Leading from the front
Reviewed by Lt-Gen ( Retd ) Harwant Singh 

Through Wars and Insurgencies
By Brig ( Retd ) Kuldip Brar.
Pentagon Press. Rs 595

Through Wars and Insurgencies, is an autobiographical account of Brig Brar's journey through an eventful military career. Autobiographies generally tend to lose objectivity and the authors attempt to gloss over their failings and lay more emphasis on achievements. It goes to Brar's credit that throughout the narrative he has succeeded in retaining objectivity and tried to tell the story as it unfolded.

The book highlights the imperatives of leading from the front, particularly for junior leaders. His account of counter-insurgency operations and the methods of dealing with ambushes hold out important lessons for those who may have to take part in such operations. An account of the battle of Walong, fought at the forward end of a 200-km-long foot-track and supported through a small air strip where only light aircraft could land. The conduct of battle under the most trying circumstances is what makes the account so much more readable.

The heroism and grit displayed at Walong by one and all, in the face of impossible odds is well brought out in the simple narrative. The authorís narration of the battle makes one feel as if one is in the very midst of action. The doctor who refuses to leave the wounded unattended to escape Chinese encirclement and is finally killed by the enemy is a story of dedication to duty and profession. His own escape to Hayuliang, along with a dozen soldiers, himself and some others wounded, across series of mountain ranges and deep valleys lasting 14 days, without food, is a story of which legends are made of. It is a story of sheer willpower, grit and inspiring leadership. The pursuit of excellence in peacetime soldiering and the will to excel in various competitions stands out as an essential feature of regimental spirit and a prerequisite for junior leadership in the military. He spells out the imperatives of getting along with people to achieve a common goal. The account of the battle of Sehjra, during the 1971 war with Pakistan, where the author was the Brigade Major of the Brigade tasked to capture this salient, spells the essence of the functioning of a staff officer during operations, where in the absence of the commander, staff officers may be called upon to take tough decisions, with full sense of responsibility, which may possibly alter the very course of the battle.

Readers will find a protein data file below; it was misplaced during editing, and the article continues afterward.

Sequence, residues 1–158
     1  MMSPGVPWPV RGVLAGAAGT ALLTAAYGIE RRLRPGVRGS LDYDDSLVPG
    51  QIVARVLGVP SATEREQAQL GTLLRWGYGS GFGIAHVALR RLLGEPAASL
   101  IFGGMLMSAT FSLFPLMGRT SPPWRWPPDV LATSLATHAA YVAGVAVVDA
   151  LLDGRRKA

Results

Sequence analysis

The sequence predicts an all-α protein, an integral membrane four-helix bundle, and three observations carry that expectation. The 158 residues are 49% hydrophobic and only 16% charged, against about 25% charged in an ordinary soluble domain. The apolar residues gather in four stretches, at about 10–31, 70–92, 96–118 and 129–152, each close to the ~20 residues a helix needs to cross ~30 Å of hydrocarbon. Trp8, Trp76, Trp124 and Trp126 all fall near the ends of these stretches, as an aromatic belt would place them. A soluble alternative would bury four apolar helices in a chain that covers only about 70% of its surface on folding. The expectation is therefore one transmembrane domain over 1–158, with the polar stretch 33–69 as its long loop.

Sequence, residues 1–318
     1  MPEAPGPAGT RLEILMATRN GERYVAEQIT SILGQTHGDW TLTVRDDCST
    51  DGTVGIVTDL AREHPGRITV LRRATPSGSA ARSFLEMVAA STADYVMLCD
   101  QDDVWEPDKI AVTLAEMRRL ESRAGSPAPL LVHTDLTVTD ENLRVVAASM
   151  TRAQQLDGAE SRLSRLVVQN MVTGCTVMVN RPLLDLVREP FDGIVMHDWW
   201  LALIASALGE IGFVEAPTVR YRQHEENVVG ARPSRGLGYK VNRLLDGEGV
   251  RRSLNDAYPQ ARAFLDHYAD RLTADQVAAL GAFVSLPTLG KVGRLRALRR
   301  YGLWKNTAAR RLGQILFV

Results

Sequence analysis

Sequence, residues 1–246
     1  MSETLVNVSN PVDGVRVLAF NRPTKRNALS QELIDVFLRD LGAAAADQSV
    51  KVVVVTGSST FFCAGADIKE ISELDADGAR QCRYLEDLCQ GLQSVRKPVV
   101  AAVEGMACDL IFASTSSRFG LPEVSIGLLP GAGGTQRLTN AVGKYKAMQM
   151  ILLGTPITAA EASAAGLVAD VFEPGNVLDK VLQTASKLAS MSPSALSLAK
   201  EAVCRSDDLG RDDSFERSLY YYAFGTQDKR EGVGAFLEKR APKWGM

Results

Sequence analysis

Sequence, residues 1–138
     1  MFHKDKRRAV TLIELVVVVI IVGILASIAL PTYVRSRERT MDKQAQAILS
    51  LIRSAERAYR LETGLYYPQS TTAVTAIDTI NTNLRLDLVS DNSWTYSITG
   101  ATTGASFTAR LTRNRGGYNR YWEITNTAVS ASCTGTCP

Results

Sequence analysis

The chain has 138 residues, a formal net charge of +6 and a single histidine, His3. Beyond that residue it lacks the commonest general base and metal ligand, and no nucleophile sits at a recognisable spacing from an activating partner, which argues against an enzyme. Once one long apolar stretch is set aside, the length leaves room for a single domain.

The book is eminently readable. It is a must for all young officers and those in the field of exercising leadership, both in the military and the corporate world. It highlights the importance of setting personal example and leading from the front and how family support matters.





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